Mr. Wheeler's suggestion for making Memorial Hall into a chapel in memory of the Harvard dead in the late war is interesting in that it reflects the need for action on the War Memorial question. A committee is now considering the ways and means for building a suitable tribute: if it does not soon announce its decision some one will place an obelisk on the roof of Sever Hall.
Mr. Wheeler contends that Memorial Hall is suitable because it has a cathedral exterior and can be easily remodeled inside. He finds it shameful that such a building should play so little part in the daily life of the student, and sees no objection to combining the memorials to the dead of two wars under one roof. He also puts forward the prominent position of the structure as an argument for making it the new chapel.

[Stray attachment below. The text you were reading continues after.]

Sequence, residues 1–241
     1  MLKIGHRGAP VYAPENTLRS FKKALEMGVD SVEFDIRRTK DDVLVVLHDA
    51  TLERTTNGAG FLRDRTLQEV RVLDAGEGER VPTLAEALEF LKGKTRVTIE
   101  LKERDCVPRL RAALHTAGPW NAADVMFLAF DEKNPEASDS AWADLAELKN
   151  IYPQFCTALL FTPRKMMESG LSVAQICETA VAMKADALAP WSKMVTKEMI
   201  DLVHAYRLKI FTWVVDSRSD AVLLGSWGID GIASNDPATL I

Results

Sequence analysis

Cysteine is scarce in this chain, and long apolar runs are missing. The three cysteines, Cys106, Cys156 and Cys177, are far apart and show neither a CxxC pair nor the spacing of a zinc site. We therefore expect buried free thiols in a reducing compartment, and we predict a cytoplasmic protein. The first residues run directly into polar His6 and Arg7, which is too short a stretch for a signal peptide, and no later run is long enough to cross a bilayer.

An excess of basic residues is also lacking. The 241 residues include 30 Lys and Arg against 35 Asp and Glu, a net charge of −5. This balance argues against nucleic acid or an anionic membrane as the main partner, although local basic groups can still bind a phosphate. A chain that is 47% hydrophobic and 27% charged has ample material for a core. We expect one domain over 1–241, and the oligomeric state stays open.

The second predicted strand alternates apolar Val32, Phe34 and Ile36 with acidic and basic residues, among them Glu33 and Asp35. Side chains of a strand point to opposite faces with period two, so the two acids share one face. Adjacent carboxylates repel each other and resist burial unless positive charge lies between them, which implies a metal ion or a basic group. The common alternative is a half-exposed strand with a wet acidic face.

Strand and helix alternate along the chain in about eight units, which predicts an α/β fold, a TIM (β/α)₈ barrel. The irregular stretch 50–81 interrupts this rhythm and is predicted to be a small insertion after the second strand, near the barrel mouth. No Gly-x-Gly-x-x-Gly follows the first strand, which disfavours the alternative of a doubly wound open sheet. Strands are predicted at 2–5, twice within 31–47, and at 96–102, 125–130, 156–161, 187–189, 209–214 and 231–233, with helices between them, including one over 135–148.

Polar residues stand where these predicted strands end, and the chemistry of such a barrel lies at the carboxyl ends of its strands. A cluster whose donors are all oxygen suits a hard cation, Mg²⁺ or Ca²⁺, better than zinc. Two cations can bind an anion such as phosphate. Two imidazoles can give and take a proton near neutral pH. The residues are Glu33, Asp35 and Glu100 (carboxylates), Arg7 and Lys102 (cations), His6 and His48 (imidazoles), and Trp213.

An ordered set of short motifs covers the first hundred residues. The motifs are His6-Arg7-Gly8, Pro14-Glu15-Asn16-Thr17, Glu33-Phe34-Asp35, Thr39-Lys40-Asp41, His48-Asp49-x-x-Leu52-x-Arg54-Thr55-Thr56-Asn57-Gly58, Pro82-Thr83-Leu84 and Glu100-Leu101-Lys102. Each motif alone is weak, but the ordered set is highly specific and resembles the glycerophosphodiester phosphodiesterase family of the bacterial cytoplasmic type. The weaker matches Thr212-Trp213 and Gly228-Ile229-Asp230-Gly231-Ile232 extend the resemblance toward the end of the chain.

The question is not the facility of the proposed change, but its desirability. In the first place a chapel outside the Yard would be most undesirable. And it would be a detraction to the herces of the World War to give them a makeshift memorial in a building dedicated to other heroes.
Then again, granted that Memorial Hall has a prominent position, there is no cause for emphasizing that prominence. The cathedralesque exterior of which Mr. Wheeler speaks is an architectural monstrosity, an abortive blot on the landscape. The new memorial should at least be pleasant to look upon.
Finally, and most important, a useful monument is an insult to the memory of the dead. Even a chapel would be a useful monument, on the door of which posterity might well read, "Dedicated with One Eye on the Memory of the Harvard Dead, and other on the Seating Requirements of the Harvard Living." Such a memorial would lose its sacred majesty amid the laughter of men who no longer believe in the pragmatic philosophy, "It's good if it works."